As most of you know by now, November is my annual planning month. I usually dedicate the entire month to planning ahead. However, I received a call I never expected to receive from someone I deeply admire in this industry, Holly Chapple. She invited my husband and me to her farm (Hope Flower Farm) and we immediately made babysitting arrangements for the kids and jumped on the next plane to Virginia. If you follow Holly on Instagram, then you totally know what to expect when meeting her in person. She is funny, she loves flowers, and even more importantly, she loves people. We talked a lot about our industry, marketing, and my personal highlight was getting a one-on-one lesson from Holly about her new product line that will be available through Syndicate Sales starting January 5th. There is no denying Holly’s influence in the floral industry. I feel incredibly blessed to now call her a friend.
We love a wedding full of natural beauty inspired by earthy colors pulled from a variety of blooms and textures. Our bride, Alexandria, and her mother came to us looking to wow their guests while still making a beautiful event. We filled Alexandria's wedding full of greenery, mauve floral, touches of golden roses, potted plated sining the ceremony aisles, and spirea, a greenery textured with small white flowers topping the ceremony arch. We also provided all of her paper goods, which were a light ivory color with a classic grey ink and beyond beautiful calligraphy. Alexandria, and her groom Jon had such an unforgettably gorgeous wedding that their family and guests will continue to talk about for years to come.
Before I share with you this story, I want to thank my husband, Brian, for giving me his blessing to share it with you. He is the best human being I've ever met and allowing me to share part of his story in hopes that it might help someone else just adds to the very long list of why I love him.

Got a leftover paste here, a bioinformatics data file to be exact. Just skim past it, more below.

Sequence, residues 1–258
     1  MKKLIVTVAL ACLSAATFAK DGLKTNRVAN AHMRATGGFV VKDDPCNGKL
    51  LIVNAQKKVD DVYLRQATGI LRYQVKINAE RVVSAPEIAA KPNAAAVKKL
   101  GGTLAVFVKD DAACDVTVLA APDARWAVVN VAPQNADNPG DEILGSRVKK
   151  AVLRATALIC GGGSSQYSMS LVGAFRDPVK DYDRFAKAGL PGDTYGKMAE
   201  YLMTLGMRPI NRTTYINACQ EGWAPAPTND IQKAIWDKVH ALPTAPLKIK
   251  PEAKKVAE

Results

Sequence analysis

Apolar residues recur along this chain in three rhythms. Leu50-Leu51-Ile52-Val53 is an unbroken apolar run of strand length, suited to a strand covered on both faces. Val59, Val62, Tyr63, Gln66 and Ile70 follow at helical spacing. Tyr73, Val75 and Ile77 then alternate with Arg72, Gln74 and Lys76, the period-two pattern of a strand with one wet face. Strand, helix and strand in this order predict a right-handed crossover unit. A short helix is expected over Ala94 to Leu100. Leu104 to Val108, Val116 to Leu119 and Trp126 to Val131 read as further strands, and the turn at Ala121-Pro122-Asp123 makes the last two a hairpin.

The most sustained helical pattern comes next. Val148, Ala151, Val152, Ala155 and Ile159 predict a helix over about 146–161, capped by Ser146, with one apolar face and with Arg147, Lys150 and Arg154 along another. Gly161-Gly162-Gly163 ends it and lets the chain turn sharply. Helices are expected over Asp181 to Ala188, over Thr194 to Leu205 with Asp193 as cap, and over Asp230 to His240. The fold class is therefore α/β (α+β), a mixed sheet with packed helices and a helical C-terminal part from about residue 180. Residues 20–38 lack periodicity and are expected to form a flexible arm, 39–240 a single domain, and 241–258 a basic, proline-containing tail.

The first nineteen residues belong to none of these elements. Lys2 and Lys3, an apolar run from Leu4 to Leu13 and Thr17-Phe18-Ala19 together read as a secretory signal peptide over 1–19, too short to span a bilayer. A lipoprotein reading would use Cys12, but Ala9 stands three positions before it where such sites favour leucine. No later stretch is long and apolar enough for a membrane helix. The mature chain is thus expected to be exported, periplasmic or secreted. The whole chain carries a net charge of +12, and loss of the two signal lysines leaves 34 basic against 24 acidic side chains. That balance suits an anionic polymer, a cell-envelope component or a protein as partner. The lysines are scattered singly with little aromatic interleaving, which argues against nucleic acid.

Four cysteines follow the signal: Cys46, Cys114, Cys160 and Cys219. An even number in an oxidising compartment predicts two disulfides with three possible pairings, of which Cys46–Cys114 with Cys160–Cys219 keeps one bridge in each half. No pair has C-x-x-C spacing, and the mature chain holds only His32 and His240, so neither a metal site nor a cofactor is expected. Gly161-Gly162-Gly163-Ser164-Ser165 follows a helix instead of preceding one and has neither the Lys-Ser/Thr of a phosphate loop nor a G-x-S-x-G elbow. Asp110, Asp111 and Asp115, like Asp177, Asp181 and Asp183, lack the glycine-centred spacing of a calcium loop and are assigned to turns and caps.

My husband Brian worked as a financial advisor for years. It was a stressful job to say the least. After our twin boys were born, Brian began to get very sick. We were in and out of the hospital with him four different times over the period of a year. He had to have infusions and was taking more pills than I had ever seen anyone take a day. He was so sick he was missing out on his kids’ lives.
The summer of 2016 I begged him to quit his job. I said, “just quit and focus on getting better.” He thought it would be incredibly irresponsible for him to quit. After all, his paycheck was providing for our family of five.
In September of 2016, he left his job. He didn’t know what to do. When you’ve done something for so long, whether we like it or not, it kind of becomes part of how we define ourselves. We spend so much of our time working our job that when we don’t have that job anymore we think, “Who am I? What is my purpose now?”
Brian had seen how I had worked really hard to redefine my life. He had seen firsthand the work I had put into changing things so I could have a life I love. He wanted that for himself too. Thankfully, he allowed me to help him on this journey of rediscovery. We sat down and decided he needed some good quality time off for his body to heal. We put a date on the calendar of January 14th, 2017 - that’s when he would start really looking for a new job, but until then, his only job was to get healthy, both mentally and physically. This gave him four months to not worry about finding a job, but to just get better. A dear friend of mine said it best, "It's the whole airplane mentality, you have to put on your own oxygen mask before you can help anyone else."